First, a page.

Leaders tell me it is hard to respond to a rapidly changing, complex, and a highly competitive world, full of uncertainties and dilemmas. Their work is stressful, often lonely, and their options are constrained by the demands of financial markets. Often their values and work are in conflict. It is hard to create a sense of ownership and commitment amongst employees and overcome resistance to change. They struggle to resolve conflicts and differences amongst colleagues. Many workpeople dislike the culture; feel unappreciated; not listened to or involved in changes; insecure and under extreme stress. Their conditions get worse while they are expected to deliver more. Yet top people get immensely richer. They grow increasingly cynical as they see a succession of structural changes that make little difference and new bosses who do not understand the importance of people. They say top management focus too much on the stock market and profit. Many good people get out as soon as they can. There is widespread concern about the effects of globalisation, despite all the benefits it has brought, on society, our lifestyles, the poor and the environment.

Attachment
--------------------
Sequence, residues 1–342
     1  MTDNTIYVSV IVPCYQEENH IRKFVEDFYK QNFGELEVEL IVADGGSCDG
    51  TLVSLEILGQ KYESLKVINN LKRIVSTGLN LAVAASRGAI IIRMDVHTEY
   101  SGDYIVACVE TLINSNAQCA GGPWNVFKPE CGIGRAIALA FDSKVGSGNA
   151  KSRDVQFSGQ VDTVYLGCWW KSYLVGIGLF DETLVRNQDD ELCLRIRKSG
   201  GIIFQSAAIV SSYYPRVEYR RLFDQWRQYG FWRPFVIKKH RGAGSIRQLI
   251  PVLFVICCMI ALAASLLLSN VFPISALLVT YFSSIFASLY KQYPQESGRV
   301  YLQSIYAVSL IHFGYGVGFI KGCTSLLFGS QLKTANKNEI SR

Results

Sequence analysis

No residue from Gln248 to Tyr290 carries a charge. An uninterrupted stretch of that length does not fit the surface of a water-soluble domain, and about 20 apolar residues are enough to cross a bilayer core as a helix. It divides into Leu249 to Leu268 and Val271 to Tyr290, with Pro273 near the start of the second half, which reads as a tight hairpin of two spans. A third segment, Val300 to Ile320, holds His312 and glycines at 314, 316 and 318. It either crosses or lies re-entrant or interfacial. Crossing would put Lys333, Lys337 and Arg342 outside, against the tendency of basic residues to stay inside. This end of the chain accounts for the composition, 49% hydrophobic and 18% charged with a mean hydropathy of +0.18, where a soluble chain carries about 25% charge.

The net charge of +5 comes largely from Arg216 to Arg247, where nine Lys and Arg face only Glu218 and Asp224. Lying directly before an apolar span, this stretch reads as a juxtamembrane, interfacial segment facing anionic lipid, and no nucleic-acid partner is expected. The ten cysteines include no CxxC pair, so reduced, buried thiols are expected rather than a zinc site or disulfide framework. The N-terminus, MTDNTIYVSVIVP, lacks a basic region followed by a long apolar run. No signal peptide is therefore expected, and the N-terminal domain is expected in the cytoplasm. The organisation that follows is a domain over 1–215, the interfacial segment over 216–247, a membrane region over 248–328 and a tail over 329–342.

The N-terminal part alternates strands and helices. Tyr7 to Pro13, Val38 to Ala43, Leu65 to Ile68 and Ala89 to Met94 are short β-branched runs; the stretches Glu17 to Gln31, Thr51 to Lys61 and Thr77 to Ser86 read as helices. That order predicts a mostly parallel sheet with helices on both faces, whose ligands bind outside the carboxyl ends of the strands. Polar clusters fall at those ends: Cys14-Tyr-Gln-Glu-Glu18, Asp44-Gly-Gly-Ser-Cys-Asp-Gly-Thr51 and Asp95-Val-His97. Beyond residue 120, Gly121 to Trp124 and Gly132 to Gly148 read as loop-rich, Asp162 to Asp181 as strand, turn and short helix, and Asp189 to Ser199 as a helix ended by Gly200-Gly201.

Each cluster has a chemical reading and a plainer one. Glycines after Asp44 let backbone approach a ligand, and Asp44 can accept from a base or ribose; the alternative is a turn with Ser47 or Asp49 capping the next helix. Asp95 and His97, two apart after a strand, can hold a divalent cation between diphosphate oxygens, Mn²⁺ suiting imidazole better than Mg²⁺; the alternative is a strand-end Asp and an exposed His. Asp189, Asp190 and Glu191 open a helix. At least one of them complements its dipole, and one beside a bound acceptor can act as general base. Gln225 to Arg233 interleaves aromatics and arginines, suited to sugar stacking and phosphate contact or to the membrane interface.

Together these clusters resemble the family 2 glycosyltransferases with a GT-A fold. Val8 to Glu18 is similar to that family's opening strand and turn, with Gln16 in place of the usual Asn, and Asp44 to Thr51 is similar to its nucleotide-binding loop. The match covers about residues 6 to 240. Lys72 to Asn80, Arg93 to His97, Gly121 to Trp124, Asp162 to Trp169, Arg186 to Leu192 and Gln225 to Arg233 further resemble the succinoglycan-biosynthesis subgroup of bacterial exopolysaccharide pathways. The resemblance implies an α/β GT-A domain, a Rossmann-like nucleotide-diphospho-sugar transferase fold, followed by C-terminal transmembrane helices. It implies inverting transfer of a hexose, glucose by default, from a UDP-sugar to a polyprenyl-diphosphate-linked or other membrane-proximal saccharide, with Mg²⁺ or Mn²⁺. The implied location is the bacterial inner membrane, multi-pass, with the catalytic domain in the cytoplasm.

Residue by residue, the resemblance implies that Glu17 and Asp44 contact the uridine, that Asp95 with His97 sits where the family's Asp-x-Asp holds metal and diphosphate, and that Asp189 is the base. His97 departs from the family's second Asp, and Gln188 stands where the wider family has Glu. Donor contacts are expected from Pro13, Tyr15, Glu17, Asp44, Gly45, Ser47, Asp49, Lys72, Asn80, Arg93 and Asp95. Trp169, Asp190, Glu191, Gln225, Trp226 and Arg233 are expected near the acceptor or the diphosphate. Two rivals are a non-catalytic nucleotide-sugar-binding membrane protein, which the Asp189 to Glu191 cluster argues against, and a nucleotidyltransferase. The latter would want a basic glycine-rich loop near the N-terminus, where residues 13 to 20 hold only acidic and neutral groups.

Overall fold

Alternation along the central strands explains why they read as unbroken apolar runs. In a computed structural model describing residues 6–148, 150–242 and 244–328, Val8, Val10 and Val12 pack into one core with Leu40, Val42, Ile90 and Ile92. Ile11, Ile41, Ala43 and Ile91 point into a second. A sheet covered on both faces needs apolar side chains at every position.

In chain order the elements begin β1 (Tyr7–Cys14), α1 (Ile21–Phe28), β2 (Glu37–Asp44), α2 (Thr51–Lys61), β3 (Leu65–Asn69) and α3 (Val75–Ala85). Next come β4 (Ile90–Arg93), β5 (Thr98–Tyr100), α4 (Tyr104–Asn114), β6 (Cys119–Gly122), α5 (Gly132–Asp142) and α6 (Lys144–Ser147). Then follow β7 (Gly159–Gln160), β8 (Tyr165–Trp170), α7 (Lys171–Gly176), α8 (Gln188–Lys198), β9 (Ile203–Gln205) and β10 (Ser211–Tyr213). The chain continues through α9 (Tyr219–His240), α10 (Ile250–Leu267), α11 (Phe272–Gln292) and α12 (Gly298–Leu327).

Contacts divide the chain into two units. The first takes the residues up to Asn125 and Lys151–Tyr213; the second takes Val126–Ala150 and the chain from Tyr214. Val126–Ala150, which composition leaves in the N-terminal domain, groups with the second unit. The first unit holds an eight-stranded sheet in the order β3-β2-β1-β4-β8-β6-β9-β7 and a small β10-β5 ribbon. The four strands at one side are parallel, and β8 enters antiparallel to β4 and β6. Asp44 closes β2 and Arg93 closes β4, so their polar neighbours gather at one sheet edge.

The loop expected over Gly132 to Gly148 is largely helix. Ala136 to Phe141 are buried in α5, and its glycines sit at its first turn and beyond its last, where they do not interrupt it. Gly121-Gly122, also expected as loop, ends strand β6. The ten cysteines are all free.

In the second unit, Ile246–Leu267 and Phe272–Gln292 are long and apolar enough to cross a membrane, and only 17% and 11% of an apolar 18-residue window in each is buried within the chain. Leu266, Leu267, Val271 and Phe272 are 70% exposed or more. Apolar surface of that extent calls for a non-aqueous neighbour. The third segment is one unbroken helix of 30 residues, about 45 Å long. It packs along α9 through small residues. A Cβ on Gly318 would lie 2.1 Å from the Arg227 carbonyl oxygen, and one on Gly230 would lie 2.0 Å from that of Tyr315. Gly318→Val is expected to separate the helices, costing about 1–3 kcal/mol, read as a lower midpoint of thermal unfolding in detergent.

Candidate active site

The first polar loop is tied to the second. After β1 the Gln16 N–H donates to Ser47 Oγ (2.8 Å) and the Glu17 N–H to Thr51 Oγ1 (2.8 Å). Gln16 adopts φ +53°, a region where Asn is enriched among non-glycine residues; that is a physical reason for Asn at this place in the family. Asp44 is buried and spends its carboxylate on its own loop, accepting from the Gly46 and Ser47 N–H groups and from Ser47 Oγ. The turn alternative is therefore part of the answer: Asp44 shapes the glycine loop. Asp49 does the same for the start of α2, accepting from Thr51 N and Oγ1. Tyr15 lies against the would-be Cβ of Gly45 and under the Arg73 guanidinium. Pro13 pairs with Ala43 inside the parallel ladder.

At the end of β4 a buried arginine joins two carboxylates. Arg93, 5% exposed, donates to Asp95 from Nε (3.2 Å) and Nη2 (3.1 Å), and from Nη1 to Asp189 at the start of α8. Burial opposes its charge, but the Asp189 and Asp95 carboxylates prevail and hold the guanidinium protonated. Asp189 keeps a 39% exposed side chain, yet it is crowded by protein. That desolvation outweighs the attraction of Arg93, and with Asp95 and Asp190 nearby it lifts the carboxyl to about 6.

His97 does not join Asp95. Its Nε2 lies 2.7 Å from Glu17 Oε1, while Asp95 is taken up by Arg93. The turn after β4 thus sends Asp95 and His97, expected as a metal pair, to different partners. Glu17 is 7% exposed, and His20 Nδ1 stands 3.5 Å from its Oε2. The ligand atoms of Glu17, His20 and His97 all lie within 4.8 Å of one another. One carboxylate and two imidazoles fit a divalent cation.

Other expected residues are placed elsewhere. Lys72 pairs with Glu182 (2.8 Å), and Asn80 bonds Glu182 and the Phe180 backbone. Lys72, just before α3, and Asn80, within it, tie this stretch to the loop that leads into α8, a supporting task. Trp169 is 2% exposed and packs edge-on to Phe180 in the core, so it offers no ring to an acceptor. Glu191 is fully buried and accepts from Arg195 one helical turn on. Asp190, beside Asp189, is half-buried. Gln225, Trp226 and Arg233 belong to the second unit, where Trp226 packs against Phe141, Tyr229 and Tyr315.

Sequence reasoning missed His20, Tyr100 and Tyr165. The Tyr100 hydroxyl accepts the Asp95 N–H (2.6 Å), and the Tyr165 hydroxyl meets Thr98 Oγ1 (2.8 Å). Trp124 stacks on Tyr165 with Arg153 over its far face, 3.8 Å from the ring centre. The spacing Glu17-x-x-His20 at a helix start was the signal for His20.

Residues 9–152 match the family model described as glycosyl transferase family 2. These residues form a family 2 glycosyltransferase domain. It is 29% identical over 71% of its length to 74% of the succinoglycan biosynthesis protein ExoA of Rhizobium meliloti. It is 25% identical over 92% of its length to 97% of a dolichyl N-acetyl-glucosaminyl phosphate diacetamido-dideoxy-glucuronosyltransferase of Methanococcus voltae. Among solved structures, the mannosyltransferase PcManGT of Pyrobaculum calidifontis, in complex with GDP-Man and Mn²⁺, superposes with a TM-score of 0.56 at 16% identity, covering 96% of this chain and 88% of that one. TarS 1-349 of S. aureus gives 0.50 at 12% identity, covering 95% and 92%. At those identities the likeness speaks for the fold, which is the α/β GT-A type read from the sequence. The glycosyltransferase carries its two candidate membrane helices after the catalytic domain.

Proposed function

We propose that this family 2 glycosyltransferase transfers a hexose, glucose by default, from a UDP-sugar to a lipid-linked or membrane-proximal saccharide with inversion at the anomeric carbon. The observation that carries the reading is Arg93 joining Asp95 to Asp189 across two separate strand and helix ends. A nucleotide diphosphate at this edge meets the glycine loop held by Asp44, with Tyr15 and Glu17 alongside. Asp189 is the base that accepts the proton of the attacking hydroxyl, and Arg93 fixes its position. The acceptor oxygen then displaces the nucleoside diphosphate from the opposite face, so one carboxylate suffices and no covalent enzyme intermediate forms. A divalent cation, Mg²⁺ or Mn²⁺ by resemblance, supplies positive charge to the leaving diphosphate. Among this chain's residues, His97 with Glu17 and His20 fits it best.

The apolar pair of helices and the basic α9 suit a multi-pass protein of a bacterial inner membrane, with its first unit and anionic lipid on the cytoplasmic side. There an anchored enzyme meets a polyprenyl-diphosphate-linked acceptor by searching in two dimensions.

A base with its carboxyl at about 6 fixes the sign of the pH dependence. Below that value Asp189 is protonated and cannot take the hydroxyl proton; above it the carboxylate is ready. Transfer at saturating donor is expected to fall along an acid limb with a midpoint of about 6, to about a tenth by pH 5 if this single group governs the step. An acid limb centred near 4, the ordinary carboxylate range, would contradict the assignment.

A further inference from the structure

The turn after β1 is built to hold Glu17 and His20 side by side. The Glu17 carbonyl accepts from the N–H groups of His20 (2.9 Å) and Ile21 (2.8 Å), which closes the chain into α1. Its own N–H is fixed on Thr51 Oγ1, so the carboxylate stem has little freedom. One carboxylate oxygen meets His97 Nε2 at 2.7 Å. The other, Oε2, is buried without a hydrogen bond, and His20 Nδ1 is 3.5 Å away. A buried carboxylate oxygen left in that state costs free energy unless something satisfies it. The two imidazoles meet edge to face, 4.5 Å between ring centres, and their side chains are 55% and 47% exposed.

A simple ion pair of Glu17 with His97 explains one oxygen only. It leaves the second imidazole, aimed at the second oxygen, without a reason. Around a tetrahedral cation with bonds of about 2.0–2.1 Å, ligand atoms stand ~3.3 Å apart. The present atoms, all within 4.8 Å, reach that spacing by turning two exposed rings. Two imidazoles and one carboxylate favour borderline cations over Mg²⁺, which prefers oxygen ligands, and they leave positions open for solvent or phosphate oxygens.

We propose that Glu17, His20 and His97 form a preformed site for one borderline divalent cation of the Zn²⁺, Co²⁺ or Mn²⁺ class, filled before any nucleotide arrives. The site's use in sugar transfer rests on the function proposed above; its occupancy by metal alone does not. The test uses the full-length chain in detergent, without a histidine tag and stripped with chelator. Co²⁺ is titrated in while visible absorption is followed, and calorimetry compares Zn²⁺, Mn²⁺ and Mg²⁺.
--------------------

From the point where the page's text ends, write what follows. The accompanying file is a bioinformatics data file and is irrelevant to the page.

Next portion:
Sustainability – saving our planet, eliminating poverty, resolving conflict without violence, reforming democracy and liberating workplace culture – are the biggest issues at the beginning of the 21st Century.